20 December 2010

New Zealand Government Urges Peace On Rapa Nui (Easter Island)


Voxy News Engine Wednesday,
Wellington,  NZPA

The New Zealand Government has urged those involved in violent clashes over a land dispute on Easter Island in the South Pacific to find a peaceful resolution.

Dozens of people were wounded on the island earlier this month when Chilean police tried to evict the indigenous Polynesian residents of Rapa Nui from the buildings they had been squatting in for several months.

"The New Zealand Government urges the parties to find a peaceful resolution to this matter, and will convey that view to the parties as appropriate," Foreign Affairs Minister Murray McCully said in Parliament today. About 2200 of the island's 5000 residents are Rapa Nui, and many fear a recent tourism boom on the island will force them out.

Fearing that the Chilean government, which annexed the island in 1888, wanted to turn the land into a sort of tourist attraction, a number of Rapa Nui seized properties in August, saying they were illegally taken from their families generations ago.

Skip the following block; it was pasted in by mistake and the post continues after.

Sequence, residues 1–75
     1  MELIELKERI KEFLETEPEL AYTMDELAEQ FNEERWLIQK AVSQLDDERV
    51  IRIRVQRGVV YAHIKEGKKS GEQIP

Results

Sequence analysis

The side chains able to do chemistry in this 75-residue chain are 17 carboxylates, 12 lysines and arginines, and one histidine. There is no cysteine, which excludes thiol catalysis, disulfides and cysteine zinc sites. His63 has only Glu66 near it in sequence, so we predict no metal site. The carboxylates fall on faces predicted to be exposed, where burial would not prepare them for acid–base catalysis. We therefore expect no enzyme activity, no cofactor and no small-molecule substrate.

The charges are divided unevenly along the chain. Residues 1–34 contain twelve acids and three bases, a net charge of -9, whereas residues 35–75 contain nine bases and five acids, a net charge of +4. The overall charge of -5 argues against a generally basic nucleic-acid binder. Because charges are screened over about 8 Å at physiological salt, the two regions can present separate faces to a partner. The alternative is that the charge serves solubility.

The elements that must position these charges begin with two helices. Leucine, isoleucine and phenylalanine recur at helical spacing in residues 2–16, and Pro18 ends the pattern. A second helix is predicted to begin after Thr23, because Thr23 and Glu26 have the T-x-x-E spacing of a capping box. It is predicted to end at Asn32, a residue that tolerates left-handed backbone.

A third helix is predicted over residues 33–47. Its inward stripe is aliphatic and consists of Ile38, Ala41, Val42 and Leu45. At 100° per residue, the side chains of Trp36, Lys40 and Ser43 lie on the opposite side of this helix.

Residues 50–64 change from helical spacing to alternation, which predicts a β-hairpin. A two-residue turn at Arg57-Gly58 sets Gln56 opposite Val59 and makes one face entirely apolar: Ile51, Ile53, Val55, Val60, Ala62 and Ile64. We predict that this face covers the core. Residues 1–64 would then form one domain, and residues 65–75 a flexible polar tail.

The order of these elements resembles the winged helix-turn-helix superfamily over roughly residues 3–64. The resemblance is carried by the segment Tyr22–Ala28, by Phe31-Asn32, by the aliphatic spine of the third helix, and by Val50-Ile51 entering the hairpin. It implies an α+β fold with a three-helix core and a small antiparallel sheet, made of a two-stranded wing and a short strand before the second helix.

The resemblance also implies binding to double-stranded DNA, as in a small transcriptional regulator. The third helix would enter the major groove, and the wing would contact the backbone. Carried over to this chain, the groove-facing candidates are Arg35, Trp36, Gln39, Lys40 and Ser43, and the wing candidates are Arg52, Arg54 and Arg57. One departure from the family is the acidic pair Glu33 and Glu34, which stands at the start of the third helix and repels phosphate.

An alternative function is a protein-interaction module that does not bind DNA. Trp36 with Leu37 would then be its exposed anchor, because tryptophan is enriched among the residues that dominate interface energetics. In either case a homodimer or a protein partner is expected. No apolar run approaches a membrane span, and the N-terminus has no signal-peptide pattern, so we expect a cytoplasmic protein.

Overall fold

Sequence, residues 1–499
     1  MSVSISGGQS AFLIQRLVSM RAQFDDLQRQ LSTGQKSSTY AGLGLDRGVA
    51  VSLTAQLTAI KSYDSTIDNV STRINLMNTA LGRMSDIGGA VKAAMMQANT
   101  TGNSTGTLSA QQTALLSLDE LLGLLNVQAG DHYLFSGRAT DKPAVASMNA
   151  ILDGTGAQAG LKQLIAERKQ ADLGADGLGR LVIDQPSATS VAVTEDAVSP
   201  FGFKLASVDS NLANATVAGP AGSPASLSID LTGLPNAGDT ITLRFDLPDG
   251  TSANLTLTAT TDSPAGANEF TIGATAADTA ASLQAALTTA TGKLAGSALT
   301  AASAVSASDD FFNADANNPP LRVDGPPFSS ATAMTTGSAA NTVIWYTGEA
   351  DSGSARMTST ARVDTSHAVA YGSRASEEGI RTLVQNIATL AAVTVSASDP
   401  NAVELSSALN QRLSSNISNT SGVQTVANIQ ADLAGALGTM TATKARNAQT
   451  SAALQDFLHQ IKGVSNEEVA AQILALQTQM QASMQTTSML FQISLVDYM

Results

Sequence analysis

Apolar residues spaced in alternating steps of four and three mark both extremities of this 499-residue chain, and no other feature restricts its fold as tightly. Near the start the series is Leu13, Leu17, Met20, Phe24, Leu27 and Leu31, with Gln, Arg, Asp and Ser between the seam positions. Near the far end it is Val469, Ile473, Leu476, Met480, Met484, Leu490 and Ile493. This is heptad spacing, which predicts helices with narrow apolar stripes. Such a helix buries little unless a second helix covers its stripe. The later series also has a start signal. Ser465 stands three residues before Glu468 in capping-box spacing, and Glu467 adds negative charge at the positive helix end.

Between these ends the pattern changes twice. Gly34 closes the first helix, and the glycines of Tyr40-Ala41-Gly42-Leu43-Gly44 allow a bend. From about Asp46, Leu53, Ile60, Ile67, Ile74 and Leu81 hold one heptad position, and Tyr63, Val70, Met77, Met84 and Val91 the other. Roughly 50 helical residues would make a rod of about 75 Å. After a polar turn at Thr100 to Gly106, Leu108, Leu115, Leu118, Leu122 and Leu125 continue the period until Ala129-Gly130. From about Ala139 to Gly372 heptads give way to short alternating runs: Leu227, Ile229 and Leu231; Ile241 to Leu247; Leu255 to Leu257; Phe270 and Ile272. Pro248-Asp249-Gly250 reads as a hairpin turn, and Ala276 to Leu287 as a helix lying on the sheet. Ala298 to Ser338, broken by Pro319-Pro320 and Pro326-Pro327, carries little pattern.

Mr McCully, replying to questions from Maori Party MP Hone Harawira, said the Government of Chile took the view that it had acted to try to maintain law and order. "I was delighted to see the statement of President [Sebastian] Pinera in recent days that he hoped the land claim could be settled in a peaceful and harmonious manner, through dialogue," Mr McCully said.

"I understand that sentiment has been reciprocated by some of the protestors, and that some progress, accordingly, is being made."

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